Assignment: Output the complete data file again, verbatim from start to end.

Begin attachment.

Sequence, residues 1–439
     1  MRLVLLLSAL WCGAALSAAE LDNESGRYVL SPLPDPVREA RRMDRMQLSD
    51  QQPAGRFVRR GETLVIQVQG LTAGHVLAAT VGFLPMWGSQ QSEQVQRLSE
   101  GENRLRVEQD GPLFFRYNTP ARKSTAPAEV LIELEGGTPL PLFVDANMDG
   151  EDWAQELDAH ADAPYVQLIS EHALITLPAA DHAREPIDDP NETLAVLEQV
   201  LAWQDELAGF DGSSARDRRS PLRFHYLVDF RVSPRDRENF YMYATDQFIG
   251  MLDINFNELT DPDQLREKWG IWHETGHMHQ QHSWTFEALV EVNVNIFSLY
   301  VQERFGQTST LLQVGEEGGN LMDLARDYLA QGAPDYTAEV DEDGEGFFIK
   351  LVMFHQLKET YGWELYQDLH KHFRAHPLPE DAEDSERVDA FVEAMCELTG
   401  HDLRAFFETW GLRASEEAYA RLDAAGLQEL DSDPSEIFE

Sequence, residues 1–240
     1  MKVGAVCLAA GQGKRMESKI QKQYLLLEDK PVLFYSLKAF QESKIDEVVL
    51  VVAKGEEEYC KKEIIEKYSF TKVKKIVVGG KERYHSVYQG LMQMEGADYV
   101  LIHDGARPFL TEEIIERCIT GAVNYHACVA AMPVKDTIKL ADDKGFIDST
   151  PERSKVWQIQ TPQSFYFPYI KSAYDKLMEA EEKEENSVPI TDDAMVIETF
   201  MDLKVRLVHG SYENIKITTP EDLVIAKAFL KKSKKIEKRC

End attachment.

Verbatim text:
Sequence, residues 1–439
     1  MRLVLLLSAL WCGAALSAAE LDNESGRYVL SPLPDPVREA RRMDRMQLSD
    51  QQPAGRFVRR GETLVIQVQG LTAGHVLAAT VGFLPMWGSQ QSEQVQRLSE
   101  GENRLRVEQD GPLFFRYNTP ARKSTAPAEV LIELEGGTPL PLFVDANMDG
   151  EDWAQELDAH ADAPYVQLIS EHALITLPAA DHAREPIDDP NETLAVLEQV
   201  LAWQDELAGF DGSSARDRRS PLRFHYLVDF RVSPRDRENF YMYATDQFIG
   251  MLDINFNELT DPDQLREKWG IWHETGHMHQ QHSWTFEALV EVNVNIFSLY
   301  VQERFGQTST LLQVGEEGGN LMDLARDYLA QGAPDYTAEV DEDGEGFFIK
   351  LVMFHQLKET YGWELYQDLH KHFRAHPLPE DAEDSERVDA FVEAMCELTG
   401  HDLRAFFETW GLRASEEAYA RLDAAGLQEL DSDPSEIFE

Sequence, residues 1–240
     1  MKVGAVCLAA GQGKRMESKI QKQYLLLEDK PVLFYSLKAF QESKIDEVVL
    51  VVAKGEEEYC KKEIIEKYSF TKVKKIVVGG KERYHSVYQG LMQMEGADYV
   101  LIHDGARPFL TEEIIERCIT GAVNYHACVA AMPVKDTIKL ADDKGFIDST
   151  PERSKVWQIQ TPQSFYFPYI KSAYDKLMEA EEKEENSVPI TDDAMVIETF
   201  MDLKVRLVHG SYENIKITTP EDLVIAKAFL KKSKKIEKRC